Gus Greenlee Field
|Team: Homestead Grays, Pittsburgh Crawfords||Opening Day: April 29, 1932|
|First Night Game: 1933||Capacity: 7500|
|Architect: Bellinger||Cost: $100,000|
|Contractor: Bedford Land and Improvement Company|
In 1932, buisness man and gangster, Gus Greenlee, purchased a plot of land from the Entress Brick Company and built the first ballpark for black ballplayers and the first black owned ballpark. The project was built on solid financial grounds. The park was located in the Hill District, which was where 80% of the his fans lived, so they wouldn't have to pay for transportation. He charged a 20% gate when renting out the park compared to the 30% that Pittsburgh Pirates owner, Barney Dreyfuss, charged for renting Forbes Field. Also, he had nice new dressing rooms, while the ones at Forbes were white only.
Fourteen rail cars of cement and 75 tons of steel went into this park. It had an attractive brick entrance (pictured above). The wall in right field was a row of cinderblocks one foot high. In protest to the Sunday blue laws, Greenlee scheduled a Crawfords vs. Grays game at 12:01 AM on a Monday morning. The game sold out. Josh Gibson once hit a homerun so far out of the park, that the following day, while playing in Philadelphia, a ball came flying out of the stands and was caught by a player. The umpire turned to Gibson and said "You're out yesterday in Pittsburgh." On July 4, 1932, Satchel Paige pitched a no hitter here and then later in the day pitched a 12 inning shutout in Chicago. Rafael Trujillo, then the dictator of the Dominican Republic, plucked all the stars from the Grays and Crawfords. That, combined with Greenlee folding to pressure from his Caucasian board to freeze blacks out of jobs at the park, caused fans to stay away. The park was torn down December 10, 1938. It was later purchased by the City of Pittsburgh and turned into a housing project (below).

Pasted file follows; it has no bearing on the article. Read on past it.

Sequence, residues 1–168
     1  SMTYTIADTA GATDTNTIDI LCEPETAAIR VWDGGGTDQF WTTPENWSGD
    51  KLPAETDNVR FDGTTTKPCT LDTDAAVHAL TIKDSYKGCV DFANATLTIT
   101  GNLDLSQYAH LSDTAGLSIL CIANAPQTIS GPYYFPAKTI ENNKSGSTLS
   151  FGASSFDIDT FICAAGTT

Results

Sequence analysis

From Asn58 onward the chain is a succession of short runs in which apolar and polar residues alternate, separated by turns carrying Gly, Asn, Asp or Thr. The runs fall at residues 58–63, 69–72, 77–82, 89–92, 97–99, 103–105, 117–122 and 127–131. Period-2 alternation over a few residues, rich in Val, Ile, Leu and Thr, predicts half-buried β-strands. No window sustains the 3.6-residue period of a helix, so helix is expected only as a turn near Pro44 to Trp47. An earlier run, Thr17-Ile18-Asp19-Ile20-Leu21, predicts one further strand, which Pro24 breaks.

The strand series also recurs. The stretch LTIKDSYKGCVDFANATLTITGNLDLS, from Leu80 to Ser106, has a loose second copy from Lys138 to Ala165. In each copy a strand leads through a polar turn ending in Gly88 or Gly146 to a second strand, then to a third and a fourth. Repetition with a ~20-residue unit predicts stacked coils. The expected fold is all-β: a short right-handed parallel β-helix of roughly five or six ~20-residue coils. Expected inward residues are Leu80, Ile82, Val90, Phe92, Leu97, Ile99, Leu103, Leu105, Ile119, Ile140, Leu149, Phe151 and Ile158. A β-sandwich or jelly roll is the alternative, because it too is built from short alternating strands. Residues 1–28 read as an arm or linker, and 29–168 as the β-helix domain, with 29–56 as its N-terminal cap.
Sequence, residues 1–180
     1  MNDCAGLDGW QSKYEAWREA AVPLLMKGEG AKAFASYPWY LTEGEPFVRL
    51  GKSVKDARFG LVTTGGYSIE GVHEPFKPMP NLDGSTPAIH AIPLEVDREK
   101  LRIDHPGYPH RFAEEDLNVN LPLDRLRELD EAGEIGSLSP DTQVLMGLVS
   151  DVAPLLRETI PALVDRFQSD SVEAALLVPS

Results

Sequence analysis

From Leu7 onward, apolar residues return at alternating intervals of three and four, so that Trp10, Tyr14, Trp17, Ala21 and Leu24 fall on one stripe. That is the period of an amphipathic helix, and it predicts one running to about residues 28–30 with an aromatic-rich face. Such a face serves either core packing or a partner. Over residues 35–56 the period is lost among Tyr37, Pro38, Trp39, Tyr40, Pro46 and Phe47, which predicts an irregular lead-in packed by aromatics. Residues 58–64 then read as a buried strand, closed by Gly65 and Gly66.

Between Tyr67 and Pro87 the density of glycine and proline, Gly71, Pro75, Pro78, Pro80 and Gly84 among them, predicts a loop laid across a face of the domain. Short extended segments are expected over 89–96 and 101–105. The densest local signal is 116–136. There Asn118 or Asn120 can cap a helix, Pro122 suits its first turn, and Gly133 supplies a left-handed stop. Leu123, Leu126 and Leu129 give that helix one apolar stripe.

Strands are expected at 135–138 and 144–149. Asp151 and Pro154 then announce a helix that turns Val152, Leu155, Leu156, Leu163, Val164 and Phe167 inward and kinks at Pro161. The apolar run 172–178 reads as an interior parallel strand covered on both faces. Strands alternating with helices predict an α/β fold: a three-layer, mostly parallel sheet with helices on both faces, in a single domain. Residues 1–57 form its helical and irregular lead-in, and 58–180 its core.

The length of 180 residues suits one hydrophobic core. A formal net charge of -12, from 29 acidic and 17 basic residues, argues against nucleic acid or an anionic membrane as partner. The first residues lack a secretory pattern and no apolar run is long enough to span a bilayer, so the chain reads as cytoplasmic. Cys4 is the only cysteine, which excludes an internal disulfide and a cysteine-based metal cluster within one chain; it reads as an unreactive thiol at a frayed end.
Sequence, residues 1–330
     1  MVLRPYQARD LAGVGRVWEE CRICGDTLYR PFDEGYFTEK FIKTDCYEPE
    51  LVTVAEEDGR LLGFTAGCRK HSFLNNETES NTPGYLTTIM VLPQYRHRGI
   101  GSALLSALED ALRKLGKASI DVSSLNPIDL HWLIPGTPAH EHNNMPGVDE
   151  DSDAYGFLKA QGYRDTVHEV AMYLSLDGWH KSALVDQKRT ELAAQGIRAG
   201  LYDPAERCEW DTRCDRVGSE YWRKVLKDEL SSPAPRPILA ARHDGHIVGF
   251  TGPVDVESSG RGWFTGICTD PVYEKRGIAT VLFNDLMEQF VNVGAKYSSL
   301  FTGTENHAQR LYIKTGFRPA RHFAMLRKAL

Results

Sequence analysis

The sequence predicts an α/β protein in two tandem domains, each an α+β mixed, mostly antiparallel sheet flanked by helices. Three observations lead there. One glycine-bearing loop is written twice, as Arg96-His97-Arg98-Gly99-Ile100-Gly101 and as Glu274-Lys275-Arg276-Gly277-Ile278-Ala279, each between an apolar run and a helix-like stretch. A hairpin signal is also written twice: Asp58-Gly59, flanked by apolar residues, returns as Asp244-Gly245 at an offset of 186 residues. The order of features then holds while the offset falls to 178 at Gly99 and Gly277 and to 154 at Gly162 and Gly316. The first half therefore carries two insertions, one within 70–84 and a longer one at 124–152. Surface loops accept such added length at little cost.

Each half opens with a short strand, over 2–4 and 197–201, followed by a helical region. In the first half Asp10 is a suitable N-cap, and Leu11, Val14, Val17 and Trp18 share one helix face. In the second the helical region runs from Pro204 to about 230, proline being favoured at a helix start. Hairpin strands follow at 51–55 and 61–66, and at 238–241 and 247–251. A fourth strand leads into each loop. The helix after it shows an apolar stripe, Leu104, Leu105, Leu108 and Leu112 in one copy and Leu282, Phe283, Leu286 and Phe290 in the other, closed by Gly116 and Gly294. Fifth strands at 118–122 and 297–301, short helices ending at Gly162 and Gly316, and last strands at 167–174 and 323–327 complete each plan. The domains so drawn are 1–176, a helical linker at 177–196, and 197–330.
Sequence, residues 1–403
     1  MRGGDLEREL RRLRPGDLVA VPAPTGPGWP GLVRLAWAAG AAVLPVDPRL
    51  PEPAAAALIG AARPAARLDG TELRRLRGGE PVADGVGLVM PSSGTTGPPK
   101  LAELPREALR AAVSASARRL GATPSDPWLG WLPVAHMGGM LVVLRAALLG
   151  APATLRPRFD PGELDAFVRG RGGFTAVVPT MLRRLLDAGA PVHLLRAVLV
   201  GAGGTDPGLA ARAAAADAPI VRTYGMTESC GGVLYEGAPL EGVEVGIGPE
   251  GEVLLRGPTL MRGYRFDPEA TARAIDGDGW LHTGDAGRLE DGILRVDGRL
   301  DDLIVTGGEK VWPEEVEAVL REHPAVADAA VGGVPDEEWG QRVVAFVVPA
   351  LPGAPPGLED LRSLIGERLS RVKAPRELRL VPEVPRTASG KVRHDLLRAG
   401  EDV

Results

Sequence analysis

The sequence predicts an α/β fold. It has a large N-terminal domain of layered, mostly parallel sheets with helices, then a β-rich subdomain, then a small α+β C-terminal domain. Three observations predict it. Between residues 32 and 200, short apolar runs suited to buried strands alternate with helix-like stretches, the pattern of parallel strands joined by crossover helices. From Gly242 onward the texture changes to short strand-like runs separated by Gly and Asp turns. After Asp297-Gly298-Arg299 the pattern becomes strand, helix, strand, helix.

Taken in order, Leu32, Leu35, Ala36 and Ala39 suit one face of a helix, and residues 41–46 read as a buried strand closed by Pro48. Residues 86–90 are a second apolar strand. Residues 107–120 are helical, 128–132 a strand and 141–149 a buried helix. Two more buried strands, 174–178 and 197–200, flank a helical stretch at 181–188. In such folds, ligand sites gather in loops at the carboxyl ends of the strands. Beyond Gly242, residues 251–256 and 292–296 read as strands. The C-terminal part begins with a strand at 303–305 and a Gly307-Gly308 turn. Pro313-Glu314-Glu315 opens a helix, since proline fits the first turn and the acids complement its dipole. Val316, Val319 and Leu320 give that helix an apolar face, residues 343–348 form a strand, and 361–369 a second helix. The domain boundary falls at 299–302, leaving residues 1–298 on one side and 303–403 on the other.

© 2011-17 Paul Healey.